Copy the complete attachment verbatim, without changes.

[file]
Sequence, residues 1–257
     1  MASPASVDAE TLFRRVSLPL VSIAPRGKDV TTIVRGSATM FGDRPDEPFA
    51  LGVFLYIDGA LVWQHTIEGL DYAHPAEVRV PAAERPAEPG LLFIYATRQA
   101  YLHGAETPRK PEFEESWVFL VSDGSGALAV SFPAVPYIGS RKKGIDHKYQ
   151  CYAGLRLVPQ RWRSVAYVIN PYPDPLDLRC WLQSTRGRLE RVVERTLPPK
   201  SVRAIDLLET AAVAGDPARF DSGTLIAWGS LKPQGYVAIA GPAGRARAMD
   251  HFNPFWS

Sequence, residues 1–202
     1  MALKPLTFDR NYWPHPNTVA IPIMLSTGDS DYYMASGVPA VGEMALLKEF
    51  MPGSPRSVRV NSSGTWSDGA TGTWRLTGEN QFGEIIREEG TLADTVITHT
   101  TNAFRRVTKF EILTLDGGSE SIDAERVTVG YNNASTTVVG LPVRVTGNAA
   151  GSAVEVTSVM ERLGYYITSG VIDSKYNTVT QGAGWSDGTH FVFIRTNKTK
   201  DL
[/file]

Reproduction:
Sequence, residues 1–257
     1  MASPASVDAE TLFRRVSLPL VSIAPRGKDV TTIVRGSATM FGDRPDEPFA
    51  LGVFLYIDGA LVWQHTIEGL DYAHPAEVRV PAAERPAEPG LLFIYATRQA
   101  YLHGAETPRK PEFEESWVFL VSDGSGALAV SFPAVPYIGS RKKGIDHKYQ
   151  CYAGLRLVPQ RWRSVAYVIN PYPDPLDLRC WLQSTRGRLE RVVERTLPPK
   201  SVRAIDLLET AAVAGDPARF DSGTLIAWGS LKPQGYVAIA GPAGRARAMD
   251  HFNPFWS

Sequence, residues 1–202
     1  MALKPLTFDR NYWPHPNTVA IPIMLSTGDS DYYMASGVPA VGEMALLKEF
    51  MPGSPRSVRV NSSGTWSDGA TGTWRLTGEN QFGEIIREEG TLADTVITHT
   101  TNAFRRVTKF EILTLDGGSE SIDAERVTVG YNNASTTVVG LPVRVTGNAA
   151  GSAVEVTSVM ERLGYYITSG VIDSKYNTVT QGAGWSDGTH FVFIRTNKTK
   201  DL